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Much More Than a Pain in the Neck

Stephens, Stephanie M.A.

doi: 10.1097/01.NNN.0000433479.71517.e4
Features: Dystonia

Often misdiagnosed and misunderstood, dystonia is a treatable neurologic condition.

Most people have heard of Parkinson's disease, and many have also heard of essential tremor. But dystonia—the third most common movement disorder—remains relatively unknown. Experts say it is underdiagnosed and often misdiagnosed. Here, we explain what dystonia is, describe the symptoms, and provide information on the latest treatments and research.

Courtesy ST Dystonia, Inc

Courtesy ST Dystonia, Inc

Noel Valero will never forget the day in 1989 when he clenched his jaw so hard he cracked a front tooth in half. Soon he began biting his lip and blinking involuntarily. His face often hurt, especially when he smiled.

Even with both bachelor's and master's degrees from Princeton University in mechanical and aerospace engineering—yes, he's a rocket scientist—Valero, at age 30, was confounded by his symptoms, which worsened over the next 15 years. He experienced new, unexplained pains in different parts of his body, a trembling right arm, and a noticeable upward tilt of his head that eventually caused him to accidentally tumble down the stairs.

“I was a royal mess,” he says.

Valero sought help, but doctors were unable to pinpoint the problem for many years. Fate intervened at his 25th college class reunion, when he was 46. One concerned classmate who worked in healthcare arranged for Valero to have a thorough neurologic examination at Harvard Medical School and Massachusetts General Hospital. A second referral sent him to Columbia University Medical Center, where Steven J. Frucht, M.D., diagnosed him with dystonia. Dr. Frucht is now professor of neurology and director of the movement disorders division at Mount Sinai School of Medicine in New York City. He still treats Valero; in fact, the pair's six-year “anniversary” just passed.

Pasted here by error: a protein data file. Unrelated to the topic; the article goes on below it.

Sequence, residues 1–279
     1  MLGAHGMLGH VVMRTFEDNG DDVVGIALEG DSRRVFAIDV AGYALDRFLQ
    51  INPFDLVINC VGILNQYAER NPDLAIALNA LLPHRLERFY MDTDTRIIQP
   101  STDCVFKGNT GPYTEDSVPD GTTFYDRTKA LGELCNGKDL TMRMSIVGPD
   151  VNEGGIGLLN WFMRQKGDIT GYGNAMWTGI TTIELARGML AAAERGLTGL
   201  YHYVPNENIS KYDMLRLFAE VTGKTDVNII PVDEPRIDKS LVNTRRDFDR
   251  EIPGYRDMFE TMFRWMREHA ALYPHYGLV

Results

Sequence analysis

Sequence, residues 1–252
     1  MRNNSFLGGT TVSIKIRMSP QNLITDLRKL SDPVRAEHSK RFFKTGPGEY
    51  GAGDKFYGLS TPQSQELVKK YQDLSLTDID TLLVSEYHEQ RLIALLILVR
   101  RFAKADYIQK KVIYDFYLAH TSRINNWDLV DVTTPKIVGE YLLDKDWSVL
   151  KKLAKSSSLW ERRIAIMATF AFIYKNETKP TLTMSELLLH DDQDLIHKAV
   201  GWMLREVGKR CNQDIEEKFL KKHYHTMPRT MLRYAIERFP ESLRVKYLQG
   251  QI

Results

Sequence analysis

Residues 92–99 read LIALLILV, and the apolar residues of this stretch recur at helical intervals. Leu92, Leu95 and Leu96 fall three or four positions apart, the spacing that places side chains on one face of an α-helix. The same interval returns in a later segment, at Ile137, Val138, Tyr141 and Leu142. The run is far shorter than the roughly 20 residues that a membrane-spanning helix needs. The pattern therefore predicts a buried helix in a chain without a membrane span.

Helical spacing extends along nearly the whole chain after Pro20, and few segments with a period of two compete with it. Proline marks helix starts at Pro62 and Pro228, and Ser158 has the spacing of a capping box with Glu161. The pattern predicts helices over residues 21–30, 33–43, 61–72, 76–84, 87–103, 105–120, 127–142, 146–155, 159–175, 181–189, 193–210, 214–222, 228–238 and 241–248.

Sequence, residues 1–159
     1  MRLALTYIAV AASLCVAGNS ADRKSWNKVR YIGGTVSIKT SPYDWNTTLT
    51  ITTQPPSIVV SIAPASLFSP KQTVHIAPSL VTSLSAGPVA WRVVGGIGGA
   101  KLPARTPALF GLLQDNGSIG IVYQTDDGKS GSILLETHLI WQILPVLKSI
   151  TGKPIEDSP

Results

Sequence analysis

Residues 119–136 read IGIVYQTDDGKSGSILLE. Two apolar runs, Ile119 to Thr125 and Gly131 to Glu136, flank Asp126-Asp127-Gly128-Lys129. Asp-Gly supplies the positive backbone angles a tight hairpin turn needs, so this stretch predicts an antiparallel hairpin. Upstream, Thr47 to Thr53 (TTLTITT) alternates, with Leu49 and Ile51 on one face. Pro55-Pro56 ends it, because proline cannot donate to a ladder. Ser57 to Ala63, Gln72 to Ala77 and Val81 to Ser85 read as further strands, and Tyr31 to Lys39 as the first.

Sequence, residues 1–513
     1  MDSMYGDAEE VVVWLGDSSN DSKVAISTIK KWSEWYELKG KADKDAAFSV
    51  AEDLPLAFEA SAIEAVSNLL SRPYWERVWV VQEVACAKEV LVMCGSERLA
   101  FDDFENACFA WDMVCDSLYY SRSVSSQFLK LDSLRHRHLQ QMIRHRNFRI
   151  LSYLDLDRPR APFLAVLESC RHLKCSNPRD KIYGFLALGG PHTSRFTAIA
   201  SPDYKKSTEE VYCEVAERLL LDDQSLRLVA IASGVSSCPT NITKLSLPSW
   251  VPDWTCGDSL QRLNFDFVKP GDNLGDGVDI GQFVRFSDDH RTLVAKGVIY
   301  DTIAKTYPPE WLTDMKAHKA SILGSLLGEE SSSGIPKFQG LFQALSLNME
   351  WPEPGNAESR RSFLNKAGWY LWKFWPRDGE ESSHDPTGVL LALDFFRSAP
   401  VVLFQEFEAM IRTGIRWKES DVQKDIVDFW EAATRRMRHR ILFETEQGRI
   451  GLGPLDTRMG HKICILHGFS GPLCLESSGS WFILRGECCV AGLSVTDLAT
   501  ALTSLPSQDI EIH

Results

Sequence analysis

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Dystonia in Children

Children don't have isolated cervical dystonia the way adults do,” says Naomi Lubarr, M.D., a specialist in pediatric neurology and movement disorders at Beth Israel Medical Center of Continuum Health Partners in New York City.

Congenital dystonia (also called congenital torticollis) can occur in babies in the first one to two months of life, but it's not the same condition as adult dystonia, according to Dr. Lubarr. The definitive cause is unknown, but the position of the fetus in the womb or birth-related injuries to the baby's neck muscles may play a role.

The condition is treated with home stretching, physical therapy, and surgery in rare cases. “Stretching of the tight neck muscle and attention to the baby's positioning typically resolves it,” says Dr. Lubarr.

A second type of dystonia in children is acquired dystonia (acquired torticollis), which has a wide variety of possible causes. It most commonly results from injury or inflammation of neck muscles and typically resolves after treatment with nonsteroidal anti-inflammatory drugs (NSAIDs), such as ibuprofen, and a cervical collar. Less common and potentially more serious causes include infection or inflammation of the soft tissues of the neck, skeletal injuries or abnormalities, other neurologic conditions, or disorders of the eye, Dr. Lubarr says.